Guidelines for Memos
A list of resources for good business writing appears at the end of this document. It is strongly recommended that any serious business person consider owning writing resources. Written communication is often the distinguishing factor in determining career success in any business or government environment. The following are general guidelines intended to assist the student attempting to write a business memo for the first time.
A memo (short for memorandum which is latin for thing to be remembered) is used extensively for internal business communication. Every company or government has its own format but typically there is a centered heading “Memorandum” at the top of the page, followed by left indented sub-headings “To:” (followed by “CC:” where appropriate), “From:”, “Date:” and “Subject:”. Note that CC is short for Carbon Copy – individuals who are receiving a copy of the memo for information purposes only. Typically memos are written to announce, clarify, respond, question or address any important issue within the entity. Memos are brief – few are longer than a page – so writers must choose their words carefully. Since they will be read by colleagues, managers, subordinates, etc., a sloppy or inaccurate or long-winded memo can result in readers questioning the competence of the author.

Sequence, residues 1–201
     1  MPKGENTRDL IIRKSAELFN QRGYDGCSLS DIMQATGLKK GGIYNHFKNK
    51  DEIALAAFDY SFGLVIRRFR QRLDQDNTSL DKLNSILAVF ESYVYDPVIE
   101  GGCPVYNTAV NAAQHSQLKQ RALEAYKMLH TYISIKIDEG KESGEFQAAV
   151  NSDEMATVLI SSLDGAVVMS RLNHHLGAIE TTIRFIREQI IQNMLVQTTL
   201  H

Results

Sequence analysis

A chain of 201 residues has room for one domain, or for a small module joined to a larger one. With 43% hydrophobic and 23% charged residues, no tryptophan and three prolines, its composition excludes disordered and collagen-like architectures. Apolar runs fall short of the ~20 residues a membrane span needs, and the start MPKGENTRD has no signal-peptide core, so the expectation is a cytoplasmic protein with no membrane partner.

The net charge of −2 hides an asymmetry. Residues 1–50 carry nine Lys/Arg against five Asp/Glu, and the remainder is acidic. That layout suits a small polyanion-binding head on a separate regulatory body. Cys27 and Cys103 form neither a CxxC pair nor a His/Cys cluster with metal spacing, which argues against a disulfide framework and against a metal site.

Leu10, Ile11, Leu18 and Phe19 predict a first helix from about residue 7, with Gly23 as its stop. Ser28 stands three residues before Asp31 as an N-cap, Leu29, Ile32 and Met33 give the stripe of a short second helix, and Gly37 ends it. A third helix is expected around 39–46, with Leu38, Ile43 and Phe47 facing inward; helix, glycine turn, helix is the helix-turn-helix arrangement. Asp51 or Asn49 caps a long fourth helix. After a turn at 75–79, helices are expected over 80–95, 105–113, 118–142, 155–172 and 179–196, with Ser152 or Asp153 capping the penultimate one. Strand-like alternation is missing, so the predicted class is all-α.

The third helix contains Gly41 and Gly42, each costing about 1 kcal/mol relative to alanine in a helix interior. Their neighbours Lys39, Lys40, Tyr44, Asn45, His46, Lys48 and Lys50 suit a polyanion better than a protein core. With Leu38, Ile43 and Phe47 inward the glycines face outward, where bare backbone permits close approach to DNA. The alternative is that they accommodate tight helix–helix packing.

The addressee, any copied recipients and the sender are all identified only by name and title, e.g. John Smith, Manager, Internal Control. Telephone extension numbers or e-mail addresses can also be included, optionally. The Subject line should tell the reader exactly what the memo is about in as few words as possible. Examples are: “New Delivery Schedule for C-920”, “Policy re. Car Pooling”, “Christmas Shutdown Dates”, etc. The body of the memo need not be as formal as a letter since the recipients all work for the same company. Having said that, the more senior the audience, the more formal the style. However, in-house jargon and/or acronyms are...
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